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This Agreement is entered by and between Jonas Adam, individually or collectively as the "Signee" and Jane Smith, as the "Signer", together referred to as the "Parties".
The Contract is dated [the date both parties sign].
The Parties agree that the following agreement is dependent on the terms presented as follow:
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Many individuals or businesses will purchase goods or services from third parties on a regular basis. Whether you are a school renting equipment for a school play or a business engaging with a marketing firm to work on an upcoming product launch, it's best to have an agreement to clearly outline the rights and responsibilities of the individual or company you’re buying from, otherwise known as the “vendor”. That is where a vendor agreement comes in.
Vendor agreements do not need to be overly long or overly complex, and while there is no formal set of requirements on what they must contain, there are several common elements that they should include and mistakes that people make when creating them. Read on below to learn everything you need to know to create the best vendor agreement template.
Simply put, a vendor agreement describes the relationship between a buyer and a seller, in which the buyer purchases goods and or services from the seller in exchange for compensation. The vendor agreement outlines all of the details of that exchange.
While there is no formal definition of what is in a vendor agreement, there are several common elements that should be included to protect both parties.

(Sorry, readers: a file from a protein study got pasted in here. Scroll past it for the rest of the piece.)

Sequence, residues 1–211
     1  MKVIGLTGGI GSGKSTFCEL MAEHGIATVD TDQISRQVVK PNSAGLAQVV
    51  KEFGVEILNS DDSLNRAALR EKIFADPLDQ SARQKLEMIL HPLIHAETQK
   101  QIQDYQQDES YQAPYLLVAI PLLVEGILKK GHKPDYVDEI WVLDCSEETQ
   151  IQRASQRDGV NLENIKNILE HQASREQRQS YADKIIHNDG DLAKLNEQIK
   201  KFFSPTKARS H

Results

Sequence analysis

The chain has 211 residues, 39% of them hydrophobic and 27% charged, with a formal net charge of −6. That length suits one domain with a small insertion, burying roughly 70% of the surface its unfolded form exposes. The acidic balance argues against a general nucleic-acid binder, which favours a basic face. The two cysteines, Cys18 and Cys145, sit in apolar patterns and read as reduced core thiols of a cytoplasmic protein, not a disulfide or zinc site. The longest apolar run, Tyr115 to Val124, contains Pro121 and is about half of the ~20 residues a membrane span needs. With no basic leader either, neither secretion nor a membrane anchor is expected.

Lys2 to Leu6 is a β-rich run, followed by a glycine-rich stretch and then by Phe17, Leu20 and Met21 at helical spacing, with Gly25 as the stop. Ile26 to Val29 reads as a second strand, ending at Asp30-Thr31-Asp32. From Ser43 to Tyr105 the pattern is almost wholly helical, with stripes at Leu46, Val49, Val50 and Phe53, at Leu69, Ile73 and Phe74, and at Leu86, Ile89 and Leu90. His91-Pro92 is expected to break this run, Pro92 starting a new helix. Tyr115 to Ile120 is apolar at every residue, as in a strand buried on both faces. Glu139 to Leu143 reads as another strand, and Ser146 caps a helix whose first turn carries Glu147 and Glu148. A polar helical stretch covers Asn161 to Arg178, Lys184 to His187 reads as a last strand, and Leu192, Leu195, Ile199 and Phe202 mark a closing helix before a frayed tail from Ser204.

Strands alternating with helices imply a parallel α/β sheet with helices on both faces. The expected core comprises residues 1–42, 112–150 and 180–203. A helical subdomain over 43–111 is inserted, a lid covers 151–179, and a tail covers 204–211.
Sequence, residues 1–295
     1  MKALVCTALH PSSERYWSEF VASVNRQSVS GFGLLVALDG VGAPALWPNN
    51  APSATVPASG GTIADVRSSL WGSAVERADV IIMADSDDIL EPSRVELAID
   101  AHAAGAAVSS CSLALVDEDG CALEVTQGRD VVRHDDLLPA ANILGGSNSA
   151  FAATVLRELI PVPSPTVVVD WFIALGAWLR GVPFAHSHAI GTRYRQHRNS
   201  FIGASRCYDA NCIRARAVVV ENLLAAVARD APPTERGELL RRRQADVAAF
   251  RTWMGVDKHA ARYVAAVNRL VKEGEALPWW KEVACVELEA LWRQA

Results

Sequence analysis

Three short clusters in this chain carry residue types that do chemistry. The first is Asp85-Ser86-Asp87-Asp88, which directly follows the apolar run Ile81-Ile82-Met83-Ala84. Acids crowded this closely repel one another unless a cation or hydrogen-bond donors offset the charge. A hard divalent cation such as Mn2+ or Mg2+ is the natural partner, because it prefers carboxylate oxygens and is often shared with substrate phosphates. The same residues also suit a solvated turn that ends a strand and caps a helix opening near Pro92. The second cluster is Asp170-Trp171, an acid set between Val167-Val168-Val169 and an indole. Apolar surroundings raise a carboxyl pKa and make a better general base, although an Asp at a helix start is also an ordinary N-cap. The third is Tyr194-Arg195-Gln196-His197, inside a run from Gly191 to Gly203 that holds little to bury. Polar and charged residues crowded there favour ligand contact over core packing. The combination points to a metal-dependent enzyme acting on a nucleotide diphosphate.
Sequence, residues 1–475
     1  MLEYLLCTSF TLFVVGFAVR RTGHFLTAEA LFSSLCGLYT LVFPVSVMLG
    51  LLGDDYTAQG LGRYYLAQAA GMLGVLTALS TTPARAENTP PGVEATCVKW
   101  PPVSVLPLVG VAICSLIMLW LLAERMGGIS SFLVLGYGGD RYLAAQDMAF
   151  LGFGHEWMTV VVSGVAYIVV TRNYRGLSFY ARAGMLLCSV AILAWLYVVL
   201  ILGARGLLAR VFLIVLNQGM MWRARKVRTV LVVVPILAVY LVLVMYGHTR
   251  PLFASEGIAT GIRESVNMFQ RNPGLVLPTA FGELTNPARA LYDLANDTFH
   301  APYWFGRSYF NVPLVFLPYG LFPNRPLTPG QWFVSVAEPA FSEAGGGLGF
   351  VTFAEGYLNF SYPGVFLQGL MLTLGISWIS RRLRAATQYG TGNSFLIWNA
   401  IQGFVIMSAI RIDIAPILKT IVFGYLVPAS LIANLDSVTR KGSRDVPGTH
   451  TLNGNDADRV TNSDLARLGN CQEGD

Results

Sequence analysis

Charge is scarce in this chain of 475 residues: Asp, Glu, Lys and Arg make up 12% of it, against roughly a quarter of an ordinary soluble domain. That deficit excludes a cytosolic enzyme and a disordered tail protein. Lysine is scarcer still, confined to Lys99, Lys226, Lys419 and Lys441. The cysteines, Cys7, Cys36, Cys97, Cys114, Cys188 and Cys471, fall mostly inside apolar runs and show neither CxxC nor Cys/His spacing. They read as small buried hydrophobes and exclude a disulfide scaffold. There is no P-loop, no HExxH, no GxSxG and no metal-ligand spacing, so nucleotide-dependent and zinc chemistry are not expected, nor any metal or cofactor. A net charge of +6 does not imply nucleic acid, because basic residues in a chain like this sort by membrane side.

At the start, the agreement should include a clear outline of who is entering into the agreement. It should note whether each party is an individual or corporation, and include the addresses of all parties involved.
The next critical piece to include is a clear description of what the vendor is providing the buyer. Because this can vary widely and is at the heart of the agreement itself, it is very important to be very clear and detailed in this section. Many disputes arise over a misunderstanding or conflict regarding the goods or services that the vendor provided. So if the expectations of what is to be provided are outlined clearly upfront then those types of disagreements can be avoided by getting both parties on the same page early.
This is another very important clause, especially for the vendor! It should not only outline how much is being paid to the vendor, but when they are paid, how they are paid, and even what happens in the event of a non-payment. Because money is an important part, if not the most important part, of any commercial transaction, many disputes arise over the payment terms or the statement of work or some mix of both. So it's worthwhile to clearly outline exactly how payment will happen, and how that payment matches to the goods or services described in the description of work that the vendor is expected to deliver.
The agreement should also contain clause is explaining exactly how long agreement is valid for and under what circumstances huge party made. Similarly, if the agreement is not for a fixed term but renews, the agreement should outline the terms of the renewal, including noting when it reviews and how much notice either party must give before it renews.
If the vendor is providing a service to the buyer, especially if that service is done in the context of a commercial or otherwise business transaction, then it's best for the agreement to clearly outline who owns any intellectual property that that service produces. This part of the agreement is not too dissimilar from a subcontractor agreement which contains similar provisions around do you ownership of output of the work. It should not only who owns the intellectual property resulting from the work, but outline any rights that the other party has to that intellectual property, such as referencing it in marketing materials in the future, will be good to include the agreement.